48,000 roof tiles made to order for re-roofing a geriatric rehabilitation clinic

Soft-mud plain tiles from Jacobi now crowning historical hospital building

Once again, the Jacobi Group, based in Bilshausen / Langenzenn, Germany, has demonstrated a wealth of experience and competence in cooperation with the monuments office and a propensity for taking object-specific approaches to tasks at hand: The roof-tile producer supplied 48,000 custom-fabricated, "soft-mud brindled" plain-tiles for renovating the roof of a historical building at Würzburg's Holy Spirit Civic Hospital foundation. Their special finish found the approval of everyone - not just of the builder / owner. "Purely positive," opines the competent monuments office in Würzburg, where the soft-mud tiles were seen as "a step forward" for ensuring authenticity in the preservation of centuries-old tiled roofs. And rightly so, for the freshly renovated roof with its new plain tiles blends harmoniously into its densely built-up, variform, roofscape surroundings.

Managing Director Dr. Michael Rückert defines the most urgent social function of the foundation (established in 1316) as working with senior citizens. The foundation operates five nursing homes, three assisted-living institutions and a geriatric rehabilitation clinic. In all, some 850 patients and occupants are being cared for in the various houses. The foundation also owns numerous real properties and a winery.

One very impressive part of the civic hospital at the centre of town is its "Red Building" a baroque wing building with an immense mansard and top roof that had housed the rehabilitation clinic since 1994. In March 1945, in the chaos of war, the hospital building burned to the ground. Then, between 1947 and 1951, it was rebuilt in stages. As decades passed, weather exposure and the ravages of time took their toll. The roofs of what is now the rehabilitation clinic developed numerous leaks, and rain was able to dribble in. The sole pieces of all 40 dormers were found to have suffered most, since dormer cheeks were rarely metal-clad in earlier times. Only the roof skeleton was still intact. In the autumn of 2005, the decision was made to fully restore the roof and to partially refurbish the façade.

Originally, the roof had been covered with natural-red, double-lap plain tiles. The monuments office specified that the new roofing should also consist of plain tiles, but with an antique-looking, soft-mud finish. Market inquiries soon lead to the Jacobi Group, where brindled plain tiles are produced, but not a soft-mud version. A sense of responsibility for the preservation of heritage buildings on the part of company president Klaus Jacobi led him to have some experimental plain tiles with the specified finish produced at the Jacobi Group's plain tile factory in Duderstadt, Lower Saxony. Using a special technique and manual colouring, a sample set of "soft-mud brindled" plain tiles were turned out - and immediately found endorsement. Hence, a special, customized run of 48,000 plain tiles with eight grooves on top were batched up, shaped, fired and sent on their way to Würzburg.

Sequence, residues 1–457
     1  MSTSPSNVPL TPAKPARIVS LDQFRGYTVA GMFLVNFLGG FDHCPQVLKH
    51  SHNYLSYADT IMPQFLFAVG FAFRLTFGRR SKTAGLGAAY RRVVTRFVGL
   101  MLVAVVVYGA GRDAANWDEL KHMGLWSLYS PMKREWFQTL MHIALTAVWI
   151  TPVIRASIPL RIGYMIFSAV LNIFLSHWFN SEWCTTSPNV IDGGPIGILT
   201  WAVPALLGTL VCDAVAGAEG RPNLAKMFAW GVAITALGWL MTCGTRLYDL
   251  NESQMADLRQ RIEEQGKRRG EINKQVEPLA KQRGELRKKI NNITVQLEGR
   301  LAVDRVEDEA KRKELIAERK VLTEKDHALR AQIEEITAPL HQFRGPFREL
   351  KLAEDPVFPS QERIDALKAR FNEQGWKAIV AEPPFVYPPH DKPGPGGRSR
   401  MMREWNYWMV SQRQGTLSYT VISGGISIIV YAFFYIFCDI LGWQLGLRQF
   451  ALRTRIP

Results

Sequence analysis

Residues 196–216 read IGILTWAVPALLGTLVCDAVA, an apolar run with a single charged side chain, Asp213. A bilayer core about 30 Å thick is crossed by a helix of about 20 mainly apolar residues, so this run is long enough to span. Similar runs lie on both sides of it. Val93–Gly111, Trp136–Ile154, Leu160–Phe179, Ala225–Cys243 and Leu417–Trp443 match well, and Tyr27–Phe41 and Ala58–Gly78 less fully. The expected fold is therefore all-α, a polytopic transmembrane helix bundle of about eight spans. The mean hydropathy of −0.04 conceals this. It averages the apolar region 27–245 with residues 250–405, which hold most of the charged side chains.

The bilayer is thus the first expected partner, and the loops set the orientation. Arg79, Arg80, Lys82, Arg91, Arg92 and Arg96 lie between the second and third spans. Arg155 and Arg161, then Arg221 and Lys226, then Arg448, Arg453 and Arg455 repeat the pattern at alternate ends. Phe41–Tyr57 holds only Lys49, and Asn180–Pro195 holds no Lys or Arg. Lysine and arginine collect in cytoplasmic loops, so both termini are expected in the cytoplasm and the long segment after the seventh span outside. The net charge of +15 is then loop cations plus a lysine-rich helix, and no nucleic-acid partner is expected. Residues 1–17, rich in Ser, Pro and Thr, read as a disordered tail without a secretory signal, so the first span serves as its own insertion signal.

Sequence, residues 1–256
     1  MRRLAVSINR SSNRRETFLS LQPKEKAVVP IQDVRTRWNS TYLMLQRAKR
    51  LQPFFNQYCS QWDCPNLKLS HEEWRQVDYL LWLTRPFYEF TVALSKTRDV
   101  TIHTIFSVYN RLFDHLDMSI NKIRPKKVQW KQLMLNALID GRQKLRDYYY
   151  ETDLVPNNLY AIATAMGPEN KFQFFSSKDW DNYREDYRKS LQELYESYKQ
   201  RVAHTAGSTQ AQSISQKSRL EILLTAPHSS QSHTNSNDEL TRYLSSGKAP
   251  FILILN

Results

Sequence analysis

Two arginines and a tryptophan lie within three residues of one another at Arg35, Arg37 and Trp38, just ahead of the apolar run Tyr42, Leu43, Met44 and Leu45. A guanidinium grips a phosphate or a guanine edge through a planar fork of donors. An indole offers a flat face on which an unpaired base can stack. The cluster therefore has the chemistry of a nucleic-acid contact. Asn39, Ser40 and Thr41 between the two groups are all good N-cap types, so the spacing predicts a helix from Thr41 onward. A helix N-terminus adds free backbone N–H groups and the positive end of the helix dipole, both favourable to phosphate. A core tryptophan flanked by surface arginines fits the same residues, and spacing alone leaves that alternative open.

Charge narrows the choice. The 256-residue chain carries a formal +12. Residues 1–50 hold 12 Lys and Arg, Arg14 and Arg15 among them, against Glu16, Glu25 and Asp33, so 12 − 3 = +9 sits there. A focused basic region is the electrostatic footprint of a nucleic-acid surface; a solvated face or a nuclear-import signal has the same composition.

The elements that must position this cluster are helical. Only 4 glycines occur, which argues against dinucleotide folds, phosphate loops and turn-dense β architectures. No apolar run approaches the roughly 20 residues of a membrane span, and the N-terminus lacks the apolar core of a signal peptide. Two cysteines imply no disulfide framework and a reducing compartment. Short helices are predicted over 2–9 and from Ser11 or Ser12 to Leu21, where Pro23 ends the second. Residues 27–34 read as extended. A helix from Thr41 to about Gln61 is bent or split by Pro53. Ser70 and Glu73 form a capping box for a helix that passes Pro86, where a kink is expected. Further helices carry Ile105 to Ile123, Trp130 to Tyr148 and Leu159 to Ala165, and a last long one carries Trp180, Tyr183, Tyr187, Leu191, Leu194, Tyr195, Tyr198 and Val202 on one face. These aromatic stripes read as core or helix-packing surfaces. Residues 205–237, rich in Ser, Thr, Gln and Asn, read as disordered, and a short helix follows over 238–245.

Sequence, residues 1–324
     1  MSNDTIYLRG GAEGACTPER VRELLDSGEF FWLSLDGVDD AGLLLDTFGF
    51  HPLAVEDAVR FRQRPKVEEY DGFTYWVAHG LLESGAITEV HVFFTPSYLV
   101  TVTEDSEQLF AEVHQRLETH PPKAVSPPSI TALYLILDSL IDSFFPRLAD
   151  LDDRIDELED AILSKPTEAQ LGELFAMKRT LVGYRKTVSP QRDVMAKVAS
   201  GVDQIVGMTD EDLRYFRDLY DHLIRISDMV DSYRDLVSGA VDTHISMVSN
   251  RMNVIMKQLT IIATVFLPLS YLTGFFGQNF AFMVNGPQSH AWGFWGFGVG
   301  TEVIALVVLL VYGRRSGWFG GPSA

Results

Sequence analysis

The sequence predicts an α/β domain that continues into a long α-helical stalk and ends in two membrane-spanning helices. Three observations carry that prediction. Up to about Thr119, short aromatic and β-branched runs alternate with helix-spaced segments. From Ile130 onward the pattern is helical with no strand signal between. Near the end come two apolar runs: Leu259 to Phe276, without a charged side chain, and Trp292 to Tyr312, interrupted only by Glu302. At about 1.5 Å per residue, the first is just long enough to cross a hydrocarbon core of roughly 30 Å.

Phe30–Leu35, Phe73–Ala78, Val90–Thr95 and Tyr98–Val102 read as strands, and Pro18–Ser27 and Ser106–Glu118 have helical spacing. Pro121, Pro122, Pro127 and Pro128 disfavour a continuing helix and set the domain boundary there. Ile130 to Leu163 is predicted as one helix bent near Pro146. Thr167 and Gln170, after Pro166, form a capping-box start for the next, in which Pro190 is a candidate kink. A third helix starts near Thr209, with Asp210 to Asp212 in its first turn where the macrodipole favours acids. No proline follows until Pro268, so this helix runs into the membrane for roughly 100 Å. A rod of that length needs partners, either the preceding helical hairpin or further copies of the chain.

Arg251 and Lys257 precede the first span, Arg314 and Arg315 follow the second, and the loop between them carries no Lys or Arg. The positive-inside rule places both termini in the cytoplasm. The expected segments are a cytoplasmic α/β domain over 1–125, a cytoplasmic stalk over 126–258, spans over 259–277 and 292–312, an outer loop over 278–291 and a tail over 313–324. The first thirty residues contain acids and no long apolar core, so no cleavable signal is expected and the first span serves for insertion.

Nonetheless - before the roof could be renovated, there were some logistical problems to be solved by the foundation's administration. For one thing, the hospital building is bordered by streets on all sides, with only a narrow passage connecting the courtyard to the street network. The courtyard, as the entryway for the clinic building, is also used by visitors to the cafe and restaurant, and it proved too small for all the necessary jobsite activities. But structural engineer Volker Leukert, who was responsible for the entire project, had a brilliant idea: a big mobile crane he had parked overnight out on the street was used to heave a normal, everyday building crane over the front row of buildings and deposit it in the courtyard. (Afterwards, it was removed in the same manner.)

The old-established, family owned, local roofing company Heller GmbH was called in to rehabilitate the roof. As soon as all the scaffolding was in place, the old roof skin was removed section by section, immediately followed by installation of a sarking membrane, battens and tiles. "Whatever was exposed in the morning, had to be finished by quitting time." Volker Leukert points out, "because there were patients lying in rooms directly below the roof. Since the attic space had already been converted and finished, including good insulation, at the time of the clinic's commissioning, no additional thermal insulation was necessary. One problem, however, was how to tie in the dustpan dormers - 40 in all - which, with their minimal inclination of 12°, look like arris fillets sticking out of the top roof. Since the new roofing would be higher than the old version, which had no sarking membrane or counter battens, there were some careful adjustments to be made. For example, the monuments office stipulated that all ridges and hips were to be mortar-stabilized. Accordingly, 250 dormer ventilators were installed to ensure adequate ventilation of the roof structure. The plain tiles on the mansard roof were clamped in place. All metal parts of the roof - eaves trough, valley gutters, snow catchers, etc. - were made of copper. All the many vents from the attic-floor bathrooms were arranged on the outside of the roof - not in the ornamental façade.

Both the builder / owner and the monuments office are proud of the finished job. While the new roof of the clinic building does dominate the foundation complex, its antique-looking finish blends harmoniously into the surrounding roofscape. Another heritage-protection job well done with Jacobi plain tiles.


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